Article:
Rarely, very rarely does a Tosca come around that you can get excited about. Sure, sometimes there is good singing, less often good conducting but rarely is there a mise en scène that goes beyond stock opera vocabulary.
The Nash Ensemble’s 50th Anniversary Celebrations at the Wigmore Hall were crowned by a recital that typifies the Nash’s visionary mission. Above, the dearly-loved founder, Amelia Freeman, a quietly revolutionary figure in her own way, who has immeasurably enriched the cultural life of this country.
On March 7, 2015, Arizona Opera presented Dan Rigazzi’s production of Die Zauberflöte in Tucson. Inspired by the works of René Magritte, designer John Pollard filled the stage with various sizes of picture frames, windows, and portals from which he leads us into Mozart and Schikaneder’s dream world.
There are some concert programmes which are not just wonderful in their execution but also delight and satisfy because of the ‘rightness’ of their composition. This Wigmore Hall recital by soprano Carolyn Sampson and three period-instrument experts of arias and instrumental pieces by Henry Purcell was one such occasion.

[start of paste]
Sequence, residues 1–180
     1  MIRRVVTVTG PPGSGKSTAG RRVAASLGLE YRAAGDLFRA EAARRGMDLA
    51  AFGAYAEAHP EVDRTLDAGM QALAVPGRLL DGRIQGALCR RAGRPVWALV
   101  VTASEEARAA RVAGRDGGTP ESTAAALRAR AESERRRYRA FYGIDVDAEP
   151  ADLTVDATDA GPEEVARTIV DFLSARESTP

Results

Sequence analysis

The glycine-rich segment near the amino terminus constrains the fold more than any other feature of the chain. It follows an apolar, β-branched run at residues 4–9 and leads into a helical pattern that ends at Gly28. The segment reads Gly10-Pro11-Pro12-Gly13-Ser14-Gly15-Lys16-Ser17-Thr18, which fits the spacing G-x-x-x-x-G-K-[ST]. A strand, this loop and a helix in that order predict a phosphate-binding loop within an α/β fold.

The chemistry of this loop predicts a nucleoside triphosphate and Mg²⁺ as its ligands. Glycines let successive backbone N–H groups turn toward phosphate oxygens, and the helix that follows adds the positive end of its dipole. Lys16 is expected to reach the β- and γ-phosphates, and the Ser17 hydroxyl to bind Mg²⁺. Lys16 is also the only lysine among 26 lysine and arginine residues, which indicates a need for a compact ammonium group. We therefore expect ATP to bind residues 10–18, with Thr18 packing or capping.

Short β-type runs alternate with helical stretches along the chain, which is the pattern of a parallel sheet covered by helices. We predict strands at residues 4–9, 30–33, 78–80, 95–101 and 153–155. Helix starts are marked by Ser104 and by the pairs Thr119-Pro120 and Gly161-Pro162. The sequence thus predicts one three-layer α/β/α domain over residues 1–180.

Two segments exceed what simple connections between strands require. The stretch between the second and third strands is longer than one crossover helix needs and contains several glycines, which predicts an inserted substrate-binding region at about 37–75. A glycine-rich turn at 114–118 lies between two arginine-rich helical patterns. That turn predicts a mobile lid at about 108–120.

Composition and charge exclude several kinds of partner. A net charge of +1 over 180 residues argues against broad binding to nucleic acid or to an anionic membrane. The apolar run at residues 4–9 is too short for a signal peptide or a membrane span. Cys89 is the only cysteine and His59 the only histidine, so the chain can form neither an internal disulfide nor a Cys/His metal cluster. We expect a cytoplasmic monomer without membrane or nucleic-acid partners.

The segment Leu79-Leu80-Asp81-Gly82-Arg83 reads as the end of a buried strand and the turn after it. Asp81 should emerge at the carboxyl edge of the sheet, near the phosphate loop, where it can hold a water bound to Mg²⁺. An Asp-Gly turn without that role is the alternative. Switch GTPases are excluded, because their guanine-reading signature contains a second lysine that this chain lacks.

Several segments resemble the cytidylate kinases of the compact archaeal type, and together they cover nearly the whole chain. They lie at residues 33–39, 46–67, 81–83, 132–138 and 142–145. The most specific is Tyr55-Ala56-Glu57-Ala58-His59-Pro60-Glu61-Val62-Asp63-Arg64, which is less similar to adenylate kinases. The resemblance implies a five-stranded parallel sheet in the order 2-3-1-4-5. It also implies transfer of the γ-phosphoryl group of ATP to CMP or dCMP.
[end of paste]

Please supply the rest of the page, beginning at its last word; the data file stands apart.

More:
It has been a cold and gray winter in the south of France (where I live) made splendid by some really good opera, followed just now by splendid sunshine at Trafalgar Square and two exquisite productions at English National Opera.
At long last, Rise and Fall of the City of Mahagonny has come to the Royal Opera House. Kurt Weill’s teacher, Busoni, remains scandalously ignored, but a season which includes house firsts both of this opera and Szymanowsi’s King Roger, cannot be all bad.
Unsuk Chin’s Alice in Wonderland returned to the Barbican,
London, shape-shifted like one of Alice’s adventures. The BBC Symphony